I'm beginning to wonder myself if in a few years when everyone is so over the iPad etc whether cheap tablets might go the way of the Netbook. Perhaps decent (ie. by that I mean they have a useable selection of ports and 100's of gigs of internal storage, proper multi-tasking etc) netbook-tablet hybrids will be the next big thing.
Don't waste your time, Robert Long 1 is just a rabid anti MS troll. There's no reasoning with these people.
Oh dear, just another clueless troll.
@Eadon - talk about don't let the facts get in the way of your prejudice. The higher return rates of Linux based netbooks are well documented. See this article for example;
"In reality windows notebooks were returned in larger numbers due to their being slow."
Care to back that up with any facts?
If you mean in terms of absolute numbers rather than return rates, well that wouldn't be all that suprising given that the vast majority of netbooks sold came with Windows.
I recently had the misfortune to try and sort out one of the early Acer 7 inch screen netbooks that came with Linux and a tiny SSD. What a dog slow machine!! Fortunately, my netbook is one of the later Samsung 10" NC10 with good ole Windows XP on it. I've used it for all sorts of tasks over the last three years - Its even got a full version of Visual Studio on it which runs tolerably well. Its still going strong and is really handy to sling in a bag for when a real Keyboard and a good selection of ports are needed.
@Eadon - you've got that the wrong way round. Initially they were Linux only and the market rejected them. It was only when they came preloaded with Windows did they sell in huge numbers.
your loss then as VB.Net is 99% like C# but with nicer syntax - unless you like squiggly brackets and semi-colons that is :-)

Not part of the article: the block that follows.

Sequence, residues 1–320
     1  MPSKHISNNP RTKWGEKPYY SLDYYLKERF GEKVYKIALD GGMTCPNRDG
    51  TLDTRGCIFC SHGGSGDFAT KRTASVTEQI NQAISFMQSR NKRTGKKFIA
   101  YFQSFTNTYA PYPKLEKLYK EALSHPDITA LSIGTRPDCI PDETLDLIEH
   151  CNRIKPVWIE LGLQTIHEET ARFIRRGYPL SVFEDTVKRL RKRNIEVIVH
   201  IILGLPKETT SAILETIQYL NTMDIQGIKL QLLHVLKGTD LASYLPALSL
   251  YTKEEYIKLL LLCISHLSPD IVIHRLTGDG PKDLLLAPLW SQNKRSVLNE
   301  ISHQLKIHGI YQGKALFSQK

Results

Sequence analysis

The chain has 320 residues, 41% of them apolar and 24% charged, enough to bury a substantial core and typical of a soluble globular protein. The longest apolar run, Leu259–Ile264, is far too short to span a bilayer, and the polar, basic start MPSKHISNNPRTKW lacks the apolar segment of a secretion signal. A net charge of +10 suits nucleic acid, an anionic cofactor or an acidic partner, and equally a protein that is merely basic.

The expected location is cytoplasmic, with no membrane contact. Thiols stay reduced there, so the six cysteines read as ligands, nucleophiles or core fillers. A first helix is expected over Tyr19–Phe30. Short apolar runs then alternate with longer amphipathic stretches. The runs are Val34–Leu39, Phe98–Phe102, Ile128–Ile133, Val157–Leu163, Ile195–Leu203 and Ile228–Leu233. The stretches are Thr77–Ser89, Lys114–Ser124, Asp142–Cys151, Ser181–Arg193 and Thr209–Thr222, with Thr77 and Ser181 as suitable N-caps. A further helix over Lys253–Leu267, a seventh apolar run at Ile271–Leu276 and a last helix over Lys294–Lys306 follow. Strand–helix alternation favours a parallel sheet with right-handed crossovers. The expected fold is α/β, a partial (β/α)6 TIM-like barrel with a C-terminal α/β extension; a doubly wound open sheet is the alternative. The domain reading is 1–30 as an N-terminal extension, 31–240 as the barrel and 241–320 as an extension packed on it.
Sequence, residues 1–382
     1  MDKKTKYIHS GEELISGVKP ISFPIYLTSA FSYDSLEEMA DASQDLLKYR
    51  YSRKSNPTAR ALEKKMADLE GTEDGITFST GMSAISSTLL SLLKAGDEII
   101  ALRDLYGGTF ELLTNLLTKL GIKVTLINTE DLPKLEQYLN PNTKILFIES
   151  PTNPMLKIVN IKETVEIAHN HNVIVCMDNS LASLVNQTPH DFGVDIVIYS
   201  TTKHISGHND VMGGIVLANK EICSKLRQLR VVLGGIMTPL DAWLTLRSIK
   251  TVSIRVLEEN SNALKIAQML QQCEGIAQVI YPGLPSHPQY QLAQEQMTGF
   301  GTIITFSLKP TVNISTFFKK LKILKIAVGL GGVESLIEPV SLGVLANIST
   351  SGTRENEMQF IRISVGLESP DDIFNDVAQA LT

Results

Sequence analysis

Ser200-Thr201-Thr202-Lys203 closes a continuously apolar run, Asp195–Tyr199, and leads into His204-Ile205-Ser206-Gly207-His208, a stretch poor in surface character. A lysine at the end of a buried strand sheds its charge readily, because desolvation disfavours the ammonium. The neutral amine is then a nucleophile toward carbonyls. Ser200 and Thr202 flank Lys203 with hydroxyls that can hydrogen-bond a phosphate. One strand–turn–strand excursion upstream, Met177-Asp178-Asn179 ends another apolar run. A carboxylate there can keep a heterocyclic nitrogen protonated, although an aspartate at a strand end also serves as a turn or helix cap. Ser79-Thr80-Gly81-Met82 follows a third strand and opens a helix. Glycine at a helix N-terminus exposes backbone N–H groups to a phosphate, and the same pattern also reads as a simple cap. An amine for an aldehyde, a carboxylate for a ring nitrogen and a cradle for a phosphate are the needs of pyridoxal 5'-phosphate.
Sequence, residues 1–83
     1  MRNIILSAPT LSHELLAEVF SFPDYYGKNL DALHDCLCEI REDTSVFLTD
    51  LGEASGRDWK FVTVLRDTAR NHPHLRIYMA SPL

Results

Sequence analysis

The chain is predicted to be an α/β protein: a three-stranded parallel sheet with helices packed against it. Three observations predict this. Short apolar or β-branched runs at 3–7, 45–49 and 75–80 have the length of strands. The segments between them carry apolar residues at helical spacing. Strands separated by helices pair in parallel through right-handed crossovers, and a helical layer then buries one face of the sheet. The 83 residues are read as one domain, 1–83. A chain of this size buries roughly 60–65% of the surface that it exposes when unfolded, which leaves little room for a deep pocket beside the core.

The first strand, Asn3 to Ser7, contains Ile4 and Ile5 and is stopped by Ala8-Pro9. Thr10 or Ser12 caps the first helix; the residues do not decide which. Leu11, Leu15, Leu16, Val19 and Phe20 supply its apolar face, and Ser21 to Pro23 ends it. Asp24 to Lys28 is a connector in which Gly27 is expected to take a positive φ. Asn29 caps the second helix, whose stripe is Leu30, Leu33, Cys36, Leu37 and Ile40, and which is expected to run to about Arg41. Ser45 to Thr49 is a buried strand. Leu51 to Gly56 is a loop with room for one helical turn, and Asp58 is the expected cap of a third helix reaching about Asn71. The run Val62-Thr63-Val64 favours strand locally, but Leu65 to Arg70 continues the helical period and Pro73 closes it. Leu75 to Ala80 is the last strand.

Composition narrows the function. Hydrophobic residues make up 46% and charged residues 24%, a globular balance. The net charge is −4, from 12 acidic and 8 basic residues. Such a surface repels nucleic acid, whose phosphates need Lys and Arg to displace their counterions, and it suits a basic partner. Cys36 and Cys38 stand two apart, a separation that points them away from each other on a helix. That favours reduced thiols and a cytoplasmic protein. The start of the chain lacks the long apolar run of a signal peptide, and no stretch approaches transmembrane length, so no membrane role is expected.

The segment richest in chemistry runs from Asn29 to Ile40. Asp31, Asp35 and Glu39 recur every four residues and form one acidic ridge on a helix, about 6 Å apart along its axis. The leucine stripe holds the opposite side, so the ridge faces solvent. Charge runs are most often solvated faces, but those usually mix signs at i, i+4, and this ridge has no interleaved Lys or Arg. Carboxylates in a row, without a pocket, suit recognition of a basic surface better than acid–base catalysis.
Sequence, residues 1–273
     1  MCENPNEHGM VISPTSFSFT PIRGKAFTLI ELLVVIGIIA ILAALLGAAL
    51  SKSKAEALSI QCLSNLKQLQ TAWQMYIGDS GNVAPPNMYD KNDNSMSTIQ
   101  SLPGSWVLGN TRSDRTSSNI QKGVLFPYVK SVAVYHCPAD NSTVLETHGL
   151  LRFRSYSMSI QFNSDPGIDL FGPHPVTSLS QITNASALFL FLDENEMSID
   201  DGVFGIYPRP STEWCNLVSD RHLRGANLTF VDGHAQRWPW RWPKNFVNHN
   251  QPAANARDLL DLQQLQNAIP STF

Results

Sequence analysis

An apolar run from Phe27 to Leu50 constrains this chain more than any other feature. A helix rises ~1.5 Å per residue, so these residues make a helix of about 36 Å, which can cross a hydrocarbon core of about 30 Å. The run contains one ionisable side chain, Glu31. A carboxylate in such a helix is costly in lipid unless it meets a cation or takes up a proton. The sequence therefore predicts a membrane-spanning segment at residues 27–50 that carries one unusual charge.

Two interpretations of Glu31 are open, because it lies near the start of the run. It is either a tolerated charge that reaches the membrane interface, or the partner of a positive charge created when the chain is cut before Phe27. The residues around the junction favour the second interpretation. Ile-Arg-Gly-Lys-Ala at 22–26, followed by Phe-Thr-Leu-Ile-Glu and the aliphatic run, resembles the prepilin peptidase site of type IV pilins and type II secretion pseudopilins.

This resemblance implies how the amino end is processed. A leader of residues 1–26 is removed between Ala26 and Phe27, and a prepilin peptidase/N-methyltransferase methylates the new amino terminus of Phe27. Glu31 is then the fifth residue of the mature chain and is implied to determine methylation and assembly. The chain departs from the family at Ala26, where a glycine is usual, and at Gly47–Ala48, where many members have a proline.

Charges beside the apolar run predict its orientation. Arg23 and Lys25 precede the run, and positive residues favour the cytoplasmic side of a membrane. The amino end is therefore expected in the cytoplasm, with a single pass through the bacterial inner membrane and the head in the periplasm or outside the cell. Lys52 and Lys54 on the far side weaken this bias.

"NET as a platform is also encumbered with submarine patents."
Yeah right. Let me put things right for you; As an MS hater what you really wanted to say was "I hate that .Net runs on Linux under Mono!" - there you go, fixed it for you :-)
"In contrast, if you learned C/C++ / python / java (Java excels as a serverside language / platform, so no need to hit with me "Java is slow" and other out of date, noob myths) : if you learned those languages and platforms, then your skills will have accumulated and be even more relevant in the future than they are today."
I partly agree with you but learning any modern programming language (MS or not) will stand you in good stead - it will make it easier to pick up whatever new language/framework comes along - even in the none MS world things can change rapidly. And today's hot ticket language can rapidly fall out of fashion. So there are no guarantees.
Life in the Ivory Tower would be great except for those damn users!! I mean, who do they think they are writing VBA macros. Sacre bleu, they haven't even read our IT department coding standards manual! I say, make em all use Ipads, that way they won't be able to any DIY coding.
If you'd thought about your comment for just two seconds before posting you would have realised how daft it is. Have you never heard of the World Trade Organisation. Do you think India (or any country) can just make up its own trade rules and ignore patents and continue to trade internationally? I think not. How long do you think India's huge IT sector would survive if it followed your prescription?
Lets face it, it wouldn't matter if IE9 was the best browser on Earth, or in the Universe even. That would not be good enough for most contributers above who seem to harbour a latent hatred of all things MS.
For what its worth, I tried IE9 for the first time today (I mostly use IE8, shock horror! but have Chrome and Opera as well on this PC). Inspite of the claims of whizzy performance, it doesn't make that much difference to my browsing experience. Just as I wasn't blown away by Chrome, I'm not with IE9.
The one thing I don't like (and this applies to Chrome) is the lack of user customisation options. Want to edit the Navigation toolbar so the Favorites button is on the left (where it should be!), forget it, can't do it! They also messed up the menus. Where's 'Find on this Page' now? Buried in the File sub-menu which is accessed via the Tools menu. As someone on another forum said, the interface is one step forward, two steps back.